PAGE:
TBT: Computer Literacy 32 Years Ago

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This month, ACPL welcomed its first-ever Americorps member. The library is one of thirty libraries chosen by the State Library of Ohio to participate in Guiding Ohio Online. Over the next 11 months, ACPL will be able to offer in-depth one-on-one computer help and classes on specific topics, from interent browsing to Facebook. To see the current offerings, visit MyACPL.org/techtraining. Class topics will change periodically, so keep checking back.

Although this is the inaugural year for Guiding Ohio Online, it’s not the first time our library system has offered computer training. That got us thinking: when was the first time? To the archives!

The earliest reference we could find was a grant request dated October 27, 1982–almost exactly 32 years ago! Over seven pages, it details how the library planned to partner with Hocking Technical College (now Hocking College) to offer hands-on experience with a personal computer at the Athens branch.

from page 3, Method

Notably, number 5 still holds true: the library will make computers available to all users at no charge. The planned outcomes still sound viable, too, especially, “Young people in the community could have access to equipment outside of school which would prepare them for future computer-related educational and employment opportunities.”

from page 4, Outcomes

And finally, the budget. It wasn’t overly-ambitious, just asking for one computer and a handful of peripherals (floor space was probably a concern):

from page 6, Budget

In case you’re wondering, here’s what an Apple II Plus looked like:

A typewriter with a monitor?

For comparisons sake, today you could buy an iMac for about the same amount of money with a 3.5 GHz processor and 8GB of RAM and a 1TB Fusion Drive.

Apparently the grant was successfully funded. Although he wasn’t on staff at the time, ACPL’s former Director Stephen Hedges remembers this computer: “that Apple II was sitting in the front window of the library on Court Street when I started working there. By that time, 1993, only one guy ever came in to use it.” Of course, it would have been over 10 years old! As discussed in a previous blog post, we know that by 1988 there was at least one other newer computer for use in the library: Friends Purchase New Computer for the Library.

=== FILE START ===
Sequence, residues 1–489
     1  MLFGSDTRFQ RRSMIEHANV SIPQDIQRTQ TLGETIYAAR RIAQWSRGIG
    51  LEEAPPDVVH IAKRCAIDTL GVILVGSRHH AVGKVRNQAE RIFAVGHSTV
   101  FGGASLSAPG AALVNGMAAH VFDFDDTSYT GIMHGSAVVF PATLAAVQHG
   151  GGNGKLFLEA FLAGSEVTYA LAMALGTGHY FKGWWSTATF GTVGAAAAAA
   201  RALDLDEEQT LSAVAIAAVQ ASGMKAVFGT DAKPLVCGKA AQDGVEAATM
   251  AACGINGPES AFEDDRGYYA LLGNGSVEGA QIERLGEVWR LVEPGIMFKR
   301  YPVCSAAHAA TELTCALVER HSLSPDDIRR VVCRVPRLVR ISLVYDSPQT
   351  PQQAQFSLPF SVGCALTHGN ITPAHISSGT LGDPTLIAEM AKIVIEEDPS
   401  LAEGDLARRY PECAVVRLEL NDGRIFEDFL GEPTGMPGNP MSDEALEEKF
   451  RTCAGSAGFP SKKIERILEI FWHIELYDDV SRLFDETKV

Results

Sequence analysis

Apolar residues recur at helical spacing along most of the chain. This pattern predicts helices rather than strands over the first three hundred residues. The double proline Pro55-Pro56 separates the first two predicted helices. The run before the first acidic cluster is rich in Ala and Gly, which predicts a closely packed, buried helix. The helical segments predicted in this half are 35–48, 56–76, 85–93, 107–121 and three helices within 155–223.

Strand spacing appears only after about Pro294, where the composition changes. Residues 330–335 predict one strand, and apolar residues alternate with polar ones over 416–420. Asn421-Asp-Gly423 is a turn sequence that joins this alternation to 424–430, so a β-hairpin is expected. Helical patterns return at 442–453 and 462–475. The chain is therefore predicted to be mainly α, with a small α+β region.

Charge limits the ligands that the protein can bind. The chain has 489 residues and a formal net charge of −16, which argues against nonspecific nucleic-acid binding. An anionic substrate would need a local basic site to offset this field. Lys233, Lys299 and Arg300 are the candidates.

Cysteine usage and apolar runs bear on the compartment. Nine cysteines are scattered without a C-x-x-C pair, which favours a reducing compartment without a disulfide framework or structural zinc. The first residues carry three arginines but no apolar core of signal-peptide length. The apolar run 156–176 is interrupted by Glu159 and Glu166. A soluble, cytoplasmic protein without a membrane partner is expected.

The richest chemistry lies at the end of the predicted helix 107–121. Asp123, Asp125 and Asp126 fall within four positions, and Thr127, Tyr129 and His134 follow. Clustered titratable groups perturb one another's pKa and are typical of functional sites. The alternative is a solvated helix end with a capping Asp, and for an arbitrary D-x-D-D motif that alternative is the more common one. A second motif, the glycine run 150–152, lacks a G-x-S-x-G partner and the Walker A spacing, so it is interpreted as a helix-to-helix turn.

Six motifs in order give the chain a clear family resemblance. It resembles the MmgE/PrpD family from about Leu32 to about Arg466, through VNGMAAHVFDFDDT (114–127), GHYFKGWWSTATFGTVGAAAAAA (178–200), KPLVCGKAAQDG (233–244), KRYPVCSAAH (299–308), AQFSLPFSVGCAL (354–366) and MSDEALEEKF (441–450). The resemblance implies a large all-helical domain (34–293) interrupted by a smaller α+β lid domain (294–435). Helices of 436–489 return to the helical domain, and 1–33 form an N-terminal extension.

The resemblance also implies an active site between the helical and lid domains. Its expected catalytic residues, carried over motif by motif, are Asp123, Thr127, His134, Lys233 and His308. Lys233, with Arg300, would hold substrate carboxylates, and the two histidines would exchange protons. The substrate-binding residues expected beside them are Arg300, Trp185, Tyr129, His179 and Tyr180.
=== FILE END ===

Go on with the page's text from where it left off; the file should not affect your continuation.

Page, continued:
Rest assured that our current slate of computer training courses will be much more advanced and use more modern equipment!

TBT: Kimberly Mine and Coal Vein #7

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Last week our Throwback blog was about the Flu Pandemic of 1918. It had the potential to greatly affect the coal industry: longwall mining meant the workers would be in close quarters with very poor ventilation for hours at a time.

For this week’s post, we found a 1922 map of a local coal mine that shows how a typical mine was structured:

Map and detail: The East End Coal Company’s Mine Number 7 at Kimberly, Ohio, near Nelsonville.

There were several mines in this part of the county that relied on coal seam #6, including Happy Hollow and Doanville. However, according to the above map, this site was tapping into vein #7. In his 1986 thesis project, Eugene Palka, explains that the Kimberly site developed around 2 drift mines (horizontal mining into the sides of hills) and was operated by the Sunday Creek Company (p. 38).

The bottom of our map identifies the mine’s owners as C. Robbins and J. B. Davis.

detail: The Kimberly Coal & Land Co.

Robbins, of course, is a familiar name to the area. This may have been Charles Robbins, a Nelsonville merchant who died in 1919, a few years before this map was made. We found the obituary for Joe B. Davis from June 22, 1928:

In his thesis, Palka included two photos of Kimberly mines: